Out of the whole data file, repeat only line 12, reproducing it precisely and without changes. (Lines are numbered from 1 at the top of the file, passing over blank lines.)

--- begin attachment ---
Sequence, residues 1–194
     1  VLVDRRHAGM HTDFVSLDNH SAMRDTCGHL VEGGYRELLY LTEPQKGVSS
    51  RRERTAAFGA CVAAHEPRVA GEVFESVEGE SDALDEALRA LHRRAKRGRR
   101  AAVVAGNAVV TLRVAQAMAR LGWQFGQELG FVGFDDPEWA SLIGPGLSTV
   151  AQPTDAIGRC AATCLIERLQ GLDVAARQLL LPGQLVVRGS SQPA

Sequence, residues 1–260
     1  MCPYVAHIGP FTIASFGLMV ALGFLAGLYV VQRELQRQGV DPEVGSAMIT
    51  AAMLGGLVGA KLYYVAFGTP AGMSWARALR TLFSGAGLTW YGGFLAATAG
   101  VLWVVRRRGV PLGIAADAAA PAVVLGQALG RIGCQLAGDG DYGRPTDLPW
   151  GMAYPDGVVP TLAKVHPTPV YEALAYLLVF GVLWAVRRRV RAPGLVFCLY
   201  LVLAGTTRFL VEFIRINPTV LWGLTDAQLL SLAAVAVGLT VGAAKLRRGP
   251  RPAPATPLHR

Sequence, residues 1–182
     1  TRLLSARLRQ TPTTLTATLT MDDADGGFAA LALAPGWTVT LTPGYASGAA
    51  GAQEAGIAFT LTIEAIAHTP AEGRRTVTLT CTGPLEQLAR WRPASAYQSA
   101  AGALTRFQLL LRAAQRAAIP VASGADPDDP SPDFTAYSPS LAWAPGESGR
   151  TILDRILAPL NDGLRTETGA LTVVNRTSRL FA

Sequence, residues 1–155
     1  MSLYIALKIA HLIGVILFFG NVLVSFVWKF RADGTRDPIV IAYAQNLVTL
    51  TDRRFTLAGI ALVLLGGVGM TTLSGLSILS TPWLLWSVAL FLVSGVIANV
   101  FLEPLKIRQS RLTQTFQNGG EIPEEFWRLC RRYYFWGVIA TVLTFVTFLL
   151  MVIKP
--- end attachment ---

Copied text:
   251  RPAPATPLHR